©2011 by Dallas Denny
Photo ©2011 by Jean Lewis: Rikki Swin in 2001
History Mystery Solved
A missing transgender archive containing a considerable portion of the community’s historical documents has surfaced after having vanished for seven years.
At the recent meeting of The World Professional Association for Transgender Health held in Atlanta in September, sociologist Aaron Devor gave a presentation in which he announced the acquisition of the collection of the Rikki Swin Institute’s extensive holdings by the University of Victoria in British Columbia, Canada.
Dr. Devor said an official announcement of the new holdings will be made after the first of the year.
In 2000 the newly-formed U.S. 501(c)(3) nonprofit Rikki Swin Institute purchased personal papers of Virginia Prince, Betty Ann Lind, Ariadne Kane, and Merissa Sherrill Lynn. Virginia Prince (1913-2009) was an activist who started a number of organizations for crossdressers and published the landmark magazine Transvestia, which launched in 196o. Betty Ann Lind 1931-1998) was publisher of the magazine Our Sorority and director of Fantasia. Fair. Ariadne Kane (1944-) founded and was executive director of The Outreach Society and was director of Fantasia Fair for many years. Merissa Sherrill Lynn (ca 1936-) was a founder of Boston’s Tiffany Club, Founding Director of the International Foundation for Gender Education, and the first editor of Transgender Tapestry Journal. The Swin Institute also purchased the historical and archival material of IFGE.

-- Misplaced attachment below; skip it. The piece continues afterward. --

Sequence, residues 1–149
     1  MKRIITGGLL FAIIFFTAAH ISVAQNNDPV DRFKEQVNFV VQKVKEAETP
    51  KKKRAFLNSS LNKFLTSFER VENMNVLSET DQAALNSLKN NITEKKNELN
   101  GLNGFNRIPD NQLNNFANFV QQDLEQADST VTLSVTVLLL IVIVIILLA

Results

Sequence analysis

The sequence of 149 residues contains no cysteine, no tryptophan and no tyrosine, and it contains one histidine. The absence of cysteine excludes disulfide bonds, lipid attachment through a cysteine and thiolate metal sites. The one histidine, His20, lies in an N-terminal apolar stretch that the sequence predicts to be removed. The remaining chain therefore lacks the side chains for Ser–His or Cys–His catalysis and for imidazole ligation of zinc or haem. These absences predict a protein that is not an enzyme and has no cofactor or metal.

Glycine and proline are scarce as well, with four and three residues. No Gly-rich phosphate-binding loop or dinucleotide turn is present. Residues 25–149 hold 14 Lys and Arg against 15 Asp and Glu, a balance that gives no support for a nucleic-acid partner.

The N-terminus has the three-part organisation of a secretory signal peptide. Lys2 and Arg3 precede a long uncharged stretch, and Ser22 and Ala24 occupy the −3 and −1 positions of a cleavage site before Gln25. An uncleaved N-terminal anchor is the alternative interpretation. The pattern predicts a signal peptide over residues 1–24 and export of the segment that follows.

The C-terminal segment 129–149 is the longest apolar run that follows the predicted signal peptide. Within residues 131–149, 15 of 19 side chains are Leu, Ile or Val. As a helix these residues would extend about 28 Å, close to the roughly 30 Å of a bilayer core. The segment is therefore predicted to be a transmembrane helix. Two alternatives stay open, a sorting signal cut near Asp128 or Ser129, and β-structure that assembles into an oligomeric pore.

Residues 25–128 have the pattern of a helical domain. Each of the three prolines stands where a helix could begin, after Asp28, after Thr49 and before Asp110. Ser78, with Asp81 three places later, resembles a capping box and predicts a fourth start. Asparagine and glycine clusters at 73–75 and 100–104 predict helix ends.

Using funds donated by Ms. Swin, the Institute purchased a building in downtown Chicago and feted the attendees at the 2001 IFGE conference in that city. Attendees were told the collections were in the building and a librarian had been hired, but neither the stacks nor the librarian were visible to those at Swin’s reception.
The books were indeed in the building; Ms. Swin subsequently hired community activist Alison Laing to work with the collection. Professors Ken Dollarhide and Susan Stryker and no doubt others were allowed to see the materials, which were reportedly uncatalogued and unorganized.
In 2002 the Rikki Swin Institute and Ms. Swin disappeared from the view of the community.
Rumors flew. The most-repeated story was Ms. Swin had fled the country after 9/11 and had moved to British Columbia. It became clear several years later that the collection was in Vancouver and Ms. Swin was in negotiation with the University of Victoria to transfer custody of the materials, but there was no official notice until a page went up on the University of Victoria Library website on 19 July, 2010; the text indicated transfer of the collection had occurred in 2007.
It’s been official—if obscure, since 2010. Now the acquisition has been made public. The collections are safe at the University of Victoria, where they will soon be catalogued and made available to researchers and historians.